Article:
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    @KRyan Even if the coiners of the word intended it only to refer to "race", words often expand beyond their original meanings due to metaphor. – Barmar Feb 27 '17 at 19:42
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    @PyRulez, in this case, they didn't coin the word, they defined what tends to be considered the prime example and the word was coined to describe it. The word is associated with that example, sometimes almost considered synonymous. It would be different if the word genocide was coined to mean something else, like intended to describe only certain examples. In this case, the Nazis were the definers in the sense that they defined what the term describes. – fixer1234 Feb 27 '17 at 21:37
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I agree with the excellent answer of @fixer1234, and will add a linguistic argument to support his answer.

From Etymonine genocide)

1944, apparently coined by Polish-born U.S. jurist Raphael Lemkin (1900-1959) in his work "Axis Rule in Occupied Europe" [p.19], in reference to Nazi extermination of Jews, literally "killing a tribe," from Greek genos "race, kind" (see genus) + -cide. The proper formation would be *genticide.

According Etymonline, genus comes from the PIE root *gene, as do the modern words gene and genetic.

The Nazis murdered disabled people who were born with disabilities -- people who had genetic disabilities -- not people who were disabled because of war injuries or accidents. See The Holocaust: A learning site for Students, The Murder of the Handicapped:

Wartime, Adolf Hitler suggested, "was the best time for the elimination of the incurably ill." Many Germans did not want to be reminded of individuals who did not measure up to their concept of a "master race." The physically and mentally handicapped were viewed as "useless" to society, a threat to Aryan genetic purity, and, ultimately, unworthy of life.

Thus it is a logical extension, linguistically, to call killing of the genetically disabled genocide.

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Just like the other two responders so far, I also think that extending the meaning of “genocide” to include the mass elimination of the victims you describe is fine and would probably only be challenged by those engaging in or advocating the practice (and, of course, by pesky linguistic and/or legal purists).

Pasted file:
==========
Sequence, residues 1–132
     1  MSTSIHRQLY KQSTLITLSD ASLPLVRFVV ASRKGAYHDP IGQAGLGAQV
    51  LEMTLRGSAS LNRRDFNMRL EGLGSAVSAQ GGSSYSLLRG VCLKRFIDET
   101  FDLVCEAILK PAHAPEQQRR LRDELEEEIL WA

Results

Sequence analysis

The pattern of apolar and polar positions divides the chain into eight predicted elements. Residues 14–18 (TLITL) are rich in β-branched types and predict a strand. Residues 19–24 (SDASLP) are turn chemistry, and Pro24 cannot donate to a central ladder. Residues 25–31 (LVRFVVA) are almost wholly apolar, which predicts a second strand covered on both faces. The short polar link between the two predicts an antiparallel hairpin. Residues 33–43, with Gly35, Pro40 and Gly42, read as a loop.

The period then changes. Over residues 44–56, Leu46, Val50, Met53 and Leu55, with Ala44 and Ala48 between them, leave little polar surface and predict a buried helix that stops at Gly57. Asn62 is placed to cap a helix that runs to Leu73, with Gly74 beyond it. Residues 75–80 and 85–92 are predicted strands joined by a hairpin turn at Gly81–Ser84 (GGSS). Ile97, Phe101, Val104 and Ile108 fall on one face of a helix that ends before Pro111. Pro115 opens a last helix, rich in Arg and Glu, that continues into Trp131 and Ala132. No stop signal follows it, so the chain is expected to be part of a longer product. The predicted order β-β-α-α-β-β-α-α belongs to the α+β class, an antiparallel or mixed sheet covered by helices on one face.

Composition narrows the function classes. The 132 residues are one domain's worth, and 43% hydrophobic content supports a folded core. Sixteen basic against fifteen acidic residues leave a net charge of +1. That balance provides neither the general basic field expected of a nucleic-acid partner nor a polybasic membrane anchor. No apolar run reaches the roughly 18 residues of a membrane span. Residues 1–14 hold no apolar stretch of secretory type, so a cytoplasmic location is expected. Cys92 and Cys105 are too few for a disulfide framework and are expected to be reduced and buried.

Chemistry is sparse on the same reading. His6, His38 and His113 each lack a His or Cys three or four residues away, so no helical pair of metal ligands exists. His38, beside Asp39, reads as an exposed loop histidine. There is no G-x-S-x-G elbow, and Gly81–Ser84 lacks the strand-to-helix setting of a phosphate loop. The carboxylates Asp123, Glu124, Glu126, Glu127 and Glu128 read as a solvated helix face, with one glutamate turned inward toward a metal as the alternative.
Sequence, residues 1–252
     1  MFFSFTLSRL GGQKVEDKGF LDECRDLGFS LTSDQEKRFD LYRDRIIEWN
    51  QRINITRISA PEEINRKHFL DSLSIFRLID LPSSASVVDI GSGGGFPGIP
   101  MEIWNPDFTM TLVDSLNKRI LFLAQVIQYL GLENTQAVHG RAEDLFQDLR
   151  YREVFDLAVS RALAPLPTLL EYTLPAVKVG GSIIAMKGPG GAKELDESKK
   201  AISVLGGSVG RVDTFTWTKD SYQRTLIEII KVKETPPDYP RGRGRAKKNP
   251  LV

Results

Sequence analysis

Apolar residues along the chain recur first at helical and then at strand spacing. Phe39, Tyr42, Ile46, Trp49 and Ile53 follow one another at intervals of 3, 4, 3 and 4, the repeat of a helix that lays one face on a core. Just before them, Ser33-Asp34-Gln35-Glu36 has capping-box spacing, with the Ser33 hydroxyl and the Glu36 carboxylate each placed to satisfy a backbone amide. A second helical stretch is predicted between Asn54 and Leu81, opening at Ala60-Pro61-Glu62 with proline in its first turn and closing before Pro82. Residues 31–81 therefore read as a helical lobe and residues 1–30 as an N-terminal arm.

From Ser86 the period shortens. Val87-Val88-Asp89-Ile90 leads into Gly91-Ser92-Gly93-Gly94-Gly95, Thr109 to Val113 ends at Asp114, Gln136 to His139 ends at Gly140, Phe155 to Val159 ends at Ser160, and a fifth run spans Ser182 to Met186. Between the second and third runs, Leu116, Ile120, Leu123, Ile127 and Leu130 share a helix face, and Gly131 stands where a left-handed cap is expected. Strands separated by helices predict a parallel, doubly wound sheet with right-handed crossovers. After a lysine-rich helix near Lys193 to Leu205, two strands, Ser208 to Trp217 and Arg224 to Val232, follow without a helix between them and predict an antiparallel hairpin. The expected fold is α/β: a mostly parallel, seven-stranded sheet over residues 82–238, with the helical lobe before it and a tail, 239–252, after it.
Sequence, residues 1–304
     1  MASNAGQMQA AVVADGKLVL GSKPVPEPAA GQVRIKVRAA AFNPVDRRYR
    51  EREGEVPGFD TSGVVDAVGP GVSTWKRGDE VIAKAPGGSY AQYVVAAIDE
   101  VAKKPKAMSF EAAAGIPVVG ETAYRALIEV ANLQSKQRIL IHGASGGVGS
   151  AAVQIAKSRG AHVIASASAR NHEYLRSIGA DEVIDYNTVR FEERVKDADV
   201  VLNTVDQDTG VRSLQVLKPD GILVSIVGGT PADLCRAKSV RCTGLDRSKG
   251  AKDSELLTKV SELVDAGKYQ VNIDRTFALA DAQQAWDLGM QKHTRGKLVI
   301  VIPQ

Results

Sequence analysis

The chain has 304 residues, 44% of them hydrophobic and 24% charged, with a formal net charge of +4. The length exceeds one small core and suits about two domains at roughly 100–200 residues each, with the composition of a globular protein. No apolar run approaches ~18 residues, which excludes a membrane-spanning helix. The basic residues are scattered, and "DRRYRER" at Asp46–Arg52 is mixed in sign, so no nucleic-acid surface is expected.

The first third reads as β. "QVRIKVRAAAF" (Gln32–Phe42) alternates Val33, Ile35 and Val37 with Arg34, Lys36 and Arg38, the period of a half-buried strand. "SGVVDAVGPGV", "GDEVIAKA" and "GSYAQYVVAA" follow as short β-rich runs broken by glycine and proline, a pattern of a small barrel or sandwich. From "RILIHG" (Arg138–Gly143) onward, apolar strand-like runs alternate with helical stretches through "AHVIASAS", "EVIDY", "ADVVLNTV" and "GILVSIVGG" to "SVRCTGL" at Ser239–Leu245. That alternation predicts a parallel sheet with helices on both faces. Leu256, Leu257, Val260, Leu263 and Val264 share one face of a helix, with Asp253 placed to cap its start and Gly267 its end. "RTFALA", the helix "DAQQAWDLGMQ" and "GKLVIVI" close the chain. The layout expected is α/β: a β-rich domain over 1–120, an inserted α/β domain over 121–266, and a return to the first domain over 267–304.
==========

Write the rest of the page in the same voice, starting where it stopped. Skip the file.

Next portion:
If you did, however, want to insist on a separate term for it, you could consider hedging a bit by using the word’s adjective form in a two-word term like “genocidal eugenics”, for example, which is used, somewhat relevantly, in the linked NMU English paper’s title and body.

For a single word, you could even consider “eugenocide” (or it’s alternative spelling: “eugenicide”) which was used (and perhaps coined) by Richard Weikartin for the title of an article originally appearing in the July/August 2004 issue of Touchstone Magazine.

Wiktionary’s definition of:

eugenocide
Alternative forms: eugenicide
Etymology: Blend of eugenics +‎ genocide
Noun (uncountable)
1. The killing of weak or defective people in an attempt to improve the gene pool.
Usage notes
While the spelling eugenocide was used when the term was originally coined, the alternate form eugenicide is currently in more common usage

The term is also found, via Google Books, on page 117 of Yiannis Gabriel’s 2008 Organizing Words: A Critical Thesaurus for Social and Organization Studies, where it is included as part the “range of derivations from genocide [that] has been suggested” and where it is defined parenthetically as:

(the killing of people deemed not suitable to live within a given race, for example the mentally ill, criminal, homosexual).

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A possible option is "democide", which is a blanket term meaning "the murder of any person or people by their government, including genocide, politicide and mass murder". As it's more general, it can cover cases "genocide" doesn't.

protected by tchrist Feb 27 '17 at 15:36